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Erratic weather, missing air control tower factors in Tanzania plane crash: Report

Erratic weather, missing air control tower factors in Tanzania plane crash: Report
Female cabin crew member, 'muscular passenger' opened rear exit for survivors of Nov. 6 Precision Air crash in Lake Victoria

By Kizito Makoye

DAR ES SALAAM, Tanzania (AA) – A combination of bad weather and the lack of an air traffic control tower at Bukoba Airport likely caused the recent crash of a passenger plane in Tanzania’s Lake Victoria, according to a preliminary investigation report.

A Precision Air plane coming from the commercial hub Dar es Salaam fell into Lake Victoria in the early hours of Nov. 6, killing 19 people.

Of the 43 people on board – 39 passengers, two pilots, and two cabin crew – there were 24 survivors.

Bukoba Airport is located on the shore of Lake Victoria, with its runway just a few hundred meters from the water.

Weather conditions at the airport “abruptly changed due to heavy rains, strong winds and thunderstorms … reducing visibility from 10 kilometers (6.2 miles) to 2 kilometers (1.2 miles),” according to a report from the Air Accident Investigation Branch of Tanzania’s Works and Transport Ministry.

It also pointed out that “there is no control tower at Bukoba Airport.”

“The aircraft circled around for about 20 minutes hoping that weather would eventually improve,” the report said.

However, survivors told investigators that visibility remarkably improved and they could see the runway before the plane crashed.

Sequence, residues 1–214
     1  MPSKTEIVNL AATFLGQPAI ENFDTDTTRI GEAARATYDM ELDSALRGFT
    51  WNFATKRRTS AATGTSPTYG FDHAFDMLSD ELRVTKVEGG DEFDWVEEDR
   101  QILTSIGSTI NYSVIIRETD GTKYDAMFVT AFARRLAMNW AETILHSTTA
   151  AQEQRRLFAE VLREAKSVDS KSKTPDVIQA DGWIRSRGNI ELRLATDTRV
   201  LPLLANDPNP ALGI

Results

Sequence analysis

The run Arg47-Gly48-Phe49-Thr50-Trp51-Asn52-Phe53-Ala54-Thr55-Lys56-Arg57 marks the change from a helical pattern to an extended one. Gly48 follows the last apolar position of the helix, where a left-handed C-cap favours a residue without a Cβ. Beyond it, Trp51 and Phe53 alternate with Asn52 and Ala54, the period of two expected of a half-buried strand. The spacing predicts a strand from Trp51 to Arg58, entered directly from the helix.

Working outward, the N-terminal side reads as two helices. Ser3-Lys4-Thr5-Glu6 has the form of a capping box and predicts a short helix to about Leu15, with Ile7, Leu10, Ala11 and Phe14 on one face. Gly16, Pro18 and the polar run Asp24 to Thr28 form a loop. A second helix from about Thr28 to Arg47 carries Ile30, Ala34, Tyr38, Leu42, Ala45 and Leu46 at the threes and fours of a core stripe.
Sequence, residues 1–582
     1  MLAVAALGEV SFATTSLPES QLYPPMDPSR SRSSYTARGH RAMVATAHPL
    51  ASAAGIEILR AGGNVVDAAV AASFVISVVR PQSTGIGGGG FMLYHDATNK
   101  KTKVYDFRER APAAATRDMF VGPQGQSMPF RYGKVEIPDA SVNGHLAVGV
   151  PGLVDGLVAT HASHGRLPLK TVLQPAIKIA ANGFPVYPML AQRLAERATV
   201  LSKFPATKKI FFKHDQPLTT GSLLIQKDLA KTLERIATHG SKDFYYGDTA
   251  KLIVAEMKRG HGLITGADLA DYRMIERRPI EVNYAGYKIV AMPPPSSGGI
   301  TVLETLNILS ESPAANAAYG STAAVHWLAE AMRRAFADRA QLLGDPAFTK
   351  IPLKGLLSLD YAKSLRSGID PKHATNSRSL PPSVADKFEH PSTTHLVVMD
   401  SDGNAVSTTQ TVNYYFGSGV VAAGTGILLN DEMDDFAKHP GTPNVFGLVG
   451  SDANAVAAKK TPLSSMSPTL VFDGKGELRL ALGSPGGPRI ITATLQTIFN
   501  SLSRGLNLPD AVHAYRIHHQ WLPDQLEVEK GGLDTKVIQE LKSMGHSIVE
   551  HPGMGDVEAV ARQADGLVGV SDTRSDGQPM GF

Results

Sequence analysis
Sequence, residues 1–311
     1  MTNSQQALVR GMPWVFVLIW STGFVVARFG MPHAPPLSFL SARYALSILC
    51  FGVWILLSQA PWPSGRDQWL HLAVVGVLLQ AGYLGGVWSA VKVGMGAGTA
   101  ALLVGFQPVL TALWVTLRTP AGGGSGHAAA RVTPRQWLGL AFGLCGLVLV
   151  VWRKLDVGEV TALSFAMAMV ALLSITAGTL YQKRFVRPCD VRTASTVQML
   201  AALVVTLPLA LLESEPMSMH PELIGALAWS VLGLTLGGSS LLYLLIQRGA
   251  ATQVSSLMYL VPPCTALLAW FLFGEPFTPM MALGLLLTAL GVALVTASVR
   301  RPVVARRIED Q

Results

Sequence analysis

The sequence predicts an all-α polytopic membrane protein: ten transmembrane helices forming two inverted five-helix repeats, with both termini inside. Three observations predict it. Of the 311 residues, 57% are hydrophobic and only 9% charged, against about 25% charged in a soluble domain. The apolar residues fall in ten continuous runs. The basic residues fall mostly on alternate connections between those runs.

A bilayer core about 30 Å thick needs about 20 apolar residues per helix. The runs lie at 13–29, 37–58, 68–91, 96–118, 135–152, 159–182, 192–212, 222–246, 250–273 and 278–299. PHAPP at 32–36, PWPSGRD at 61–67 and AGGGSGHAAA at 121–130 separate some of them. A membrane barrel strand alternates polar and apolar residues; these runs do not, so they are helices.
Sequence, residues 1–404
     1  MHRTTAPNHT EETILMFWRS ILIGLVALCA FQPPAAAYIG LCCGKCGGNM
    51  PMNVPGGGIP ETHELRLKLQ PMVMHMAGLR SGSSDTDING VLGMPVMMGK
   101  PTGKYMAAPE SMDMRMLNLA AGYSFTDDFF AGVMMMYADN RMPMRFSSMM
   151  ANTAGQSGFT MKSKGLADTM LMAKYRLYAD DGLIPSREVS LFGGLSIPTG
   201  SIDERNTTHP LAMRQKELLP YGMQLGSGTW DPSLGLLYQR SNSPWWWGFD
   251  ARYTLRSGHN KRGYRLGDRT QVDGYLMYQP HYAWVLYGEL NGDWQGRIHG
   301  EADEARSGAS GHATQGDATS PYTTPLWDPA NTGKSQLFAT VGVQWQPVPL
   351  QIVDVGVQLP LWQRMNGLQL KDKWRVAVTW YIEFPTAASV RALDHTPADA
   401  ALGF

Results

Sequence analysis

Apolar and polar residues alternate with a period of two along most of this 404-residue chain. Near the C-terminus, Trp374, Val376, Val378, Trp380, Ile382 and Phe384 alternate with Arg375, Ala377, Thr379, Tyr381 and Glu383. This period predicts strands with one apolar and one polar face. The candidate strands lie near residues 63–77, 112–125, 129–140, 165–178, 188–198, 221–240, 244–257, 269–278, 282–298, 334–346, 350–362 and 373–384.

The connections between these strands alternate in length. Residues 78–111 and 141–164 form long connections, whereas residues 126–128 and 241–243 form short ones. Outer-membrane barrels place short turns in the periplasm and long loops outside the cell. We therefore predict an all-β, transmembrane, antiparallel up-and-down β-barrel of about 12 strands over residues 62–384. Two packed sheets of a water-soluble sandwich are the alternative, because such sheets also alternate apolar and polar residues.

“The aircraft was seen circling around areas in Bukoba, Misenyi and Muleba districts. It was later observed to make a normal approach to runway, but it struck the lake surface before reaching the threshold,” read the report.

- Fatalities and rescue

According to investigators, passengers in the front and middle rows drowned because they did not have enough time to unbuckle their seats before the water gushed in.

“The front section of the fuselage was completely immersed in water after the aircraft came to rest, while the rear section remained partially immersed,” the report said.

The report said a female cabin crew member unlocked one of the exits in the plane’s rear, contrary to the government’s initial version that a fisherman opened the door from the outside.

She was helped by a “muscular passenger” who held the door open and enabled others to escape from the wreckage, the report added.

This information, though, has raised some eyebrows among Tanzanians.

“This report leaves many questions unanswered. Who exactly rescued the victims?” Dennis Bugumba, a Tanzanian public affairs analyst based in London, wrote in a Facebook post.

“If the fisherman did not actually unlock the door, was the initial government version a cooked one? Why would they cook it?” ​​​​​​​

source: News Feed
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